John Boyne’s The Heart’s Invisible Furies opens in 1945 in the small, conservative village of Goleen in west Cork, Ireland. Instead of a nostalgic introduction to Boyne’s homeland of sweeping cliffs and vibrant greenery, the novel begins inside a church where Father James Monroe denounces pregnant 16-year-old Catherine Goggin as a whore, before banishing her from the Parish.
The above scene is narrated by Catherine’s unborn child, who grows up to be the novel’s central protagonist, Cyril Avery. He is adopted out at birth, and the novel chronicles the story of his life: his struggles, his loneliness, and his search for love and connection in all its forms. While the majority of the story follows Cyril, the introduction to Catherine in the novel’s opening is critical, because it establishes the context in which the story takes place. In 1945, Ireland is a young republic and effectively a theocracy and, indeed, much of the novel is predicated on this intertwining of church and state: the way in which religion and staunch conservatism bleed into the social and cultural practices of the day. In this sense, the novel is about Catherine and Cyril seeking to liberate themselves—in different ways—from the oppression of the Church and the trauma it has caused them in some shape or form.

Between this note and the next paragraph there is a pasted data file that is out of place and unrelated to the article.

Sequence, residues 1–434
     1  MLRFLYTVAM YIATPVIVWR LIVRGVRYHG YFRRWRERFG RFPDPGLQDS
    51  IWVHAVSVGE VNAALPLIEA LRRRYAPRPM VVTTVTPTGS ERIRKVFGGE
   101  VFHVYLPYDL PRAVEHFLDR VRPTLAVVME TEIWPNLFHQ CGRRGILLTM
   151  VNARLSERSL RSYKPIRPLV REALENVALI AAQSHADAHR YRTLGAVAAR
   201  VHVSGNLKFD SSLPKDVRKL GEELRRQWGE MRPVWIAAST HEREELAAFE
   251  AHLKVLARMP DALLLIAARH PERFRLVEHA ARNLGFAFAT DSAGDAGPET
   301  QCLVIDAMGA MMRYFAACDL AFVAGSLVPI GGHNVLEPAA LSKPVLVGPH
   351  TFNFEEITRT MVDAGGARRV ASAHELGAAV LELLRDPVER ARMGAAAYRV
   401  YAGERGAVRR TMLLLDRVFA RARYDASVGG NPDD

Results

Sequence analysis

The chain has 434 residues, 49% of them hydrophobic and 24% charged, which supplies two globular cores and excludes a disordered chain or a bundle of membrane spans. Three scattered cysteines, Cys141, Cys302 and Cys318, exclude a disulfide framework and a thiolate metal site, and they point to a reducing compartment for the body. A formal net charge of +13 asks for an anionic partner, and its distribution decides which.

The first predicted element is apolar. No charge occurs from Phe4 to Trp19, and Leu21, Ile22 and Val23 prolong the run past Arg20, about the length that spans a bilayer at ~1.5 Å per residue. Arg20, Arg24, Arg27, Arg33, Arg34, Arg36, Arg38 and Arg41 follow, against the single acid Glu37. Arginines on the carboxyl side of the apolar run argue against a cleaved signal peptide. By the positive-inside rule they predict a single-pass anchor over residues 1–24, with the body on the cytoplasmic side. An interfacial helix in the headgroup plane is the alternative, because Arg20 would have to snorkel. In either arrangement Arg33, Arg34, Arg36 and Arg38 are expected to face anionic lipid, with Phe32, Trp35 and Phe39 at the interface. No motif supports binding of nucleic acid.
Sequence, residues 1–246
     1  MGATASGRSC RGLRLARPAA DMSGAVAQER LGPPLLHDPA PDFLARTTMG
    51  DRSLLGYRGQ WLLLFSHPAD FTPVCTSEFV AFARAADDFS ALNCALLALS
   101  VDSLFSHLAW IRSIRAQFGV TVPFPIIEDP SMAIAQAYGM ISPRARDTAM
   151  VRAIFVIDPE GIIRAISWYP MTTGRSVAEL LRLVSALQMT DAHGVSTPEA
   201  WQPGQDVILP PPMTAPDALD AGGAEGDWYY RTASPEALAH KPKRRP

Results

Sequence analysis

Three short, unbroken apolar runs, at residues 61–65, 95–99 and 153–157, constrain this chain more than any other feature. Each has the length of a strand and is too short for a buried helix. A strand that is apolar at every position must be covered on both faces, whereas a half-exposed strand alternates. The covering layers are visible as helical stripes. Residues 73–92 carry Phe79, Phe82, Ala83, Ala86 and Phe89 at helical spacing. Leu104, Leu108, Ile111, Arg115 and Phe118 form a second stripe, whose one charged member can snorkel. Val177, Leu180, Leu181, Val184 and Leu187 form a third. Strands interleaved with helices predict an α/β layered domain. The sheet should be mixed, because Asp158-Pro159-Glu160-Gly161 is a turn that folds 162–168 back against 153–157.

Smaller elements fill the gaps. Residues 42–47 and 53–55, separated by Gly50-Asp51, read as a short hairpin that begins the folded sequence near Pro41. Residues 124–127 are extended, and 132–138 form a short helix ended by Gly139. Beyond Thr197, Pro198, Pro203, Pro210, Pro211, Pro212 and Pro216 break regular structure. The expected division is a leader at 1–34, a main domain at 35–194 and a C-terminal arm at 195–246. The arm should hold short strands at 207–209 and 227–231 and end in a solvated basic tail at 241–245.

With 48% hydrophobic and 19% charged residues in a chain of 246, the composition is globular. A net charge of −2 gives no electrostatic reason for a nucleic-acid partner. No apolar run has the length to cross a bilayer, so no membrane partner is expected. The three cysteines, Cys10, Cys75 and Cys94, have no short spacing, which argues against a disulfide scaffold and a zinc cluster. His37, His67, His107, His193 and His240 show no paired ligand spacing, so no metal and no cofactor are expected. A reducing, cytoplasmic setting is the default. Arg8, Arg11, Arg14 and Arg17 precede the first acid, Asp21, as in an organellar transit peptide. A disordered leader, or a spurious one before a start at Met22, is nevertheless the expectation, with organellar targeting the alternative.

Boyne depicts corruption and abuse at the hands of the Church through an analysis of the long and difficult history of LGBTQ+ rights in the 20th century through to the present day. Cyril knows he is gay in a society that condemns his sexuality, and the book follows the decades that it takes him to unlearn the crippling shame and self-loathing that has been instilled into him, while also grappling with his own failings. The novel often reads as an angry condemnation of Ireland’s past and a commiseration for the lives that were wrecked by social contempt and malice. However, unlike some books which are part of the LGBTQI+ canon,The Heart’s Invisible Furies doesn’t fit the ‘tragedy porn’ mould. It’s sad, sure, but that sadness isn’t predicated on giving the queer characters a tragic ending as a sort of punishment for their sexuality, or as representative of how terrible life is if you’re gay. Rest assured, the emotion within this novel feels real, it feels earned, and without spoiling anything, it feels necessary to the story. Through it all, there’s a lot of good, including an embrace of the mess, the vigour, and the strange beauty of life.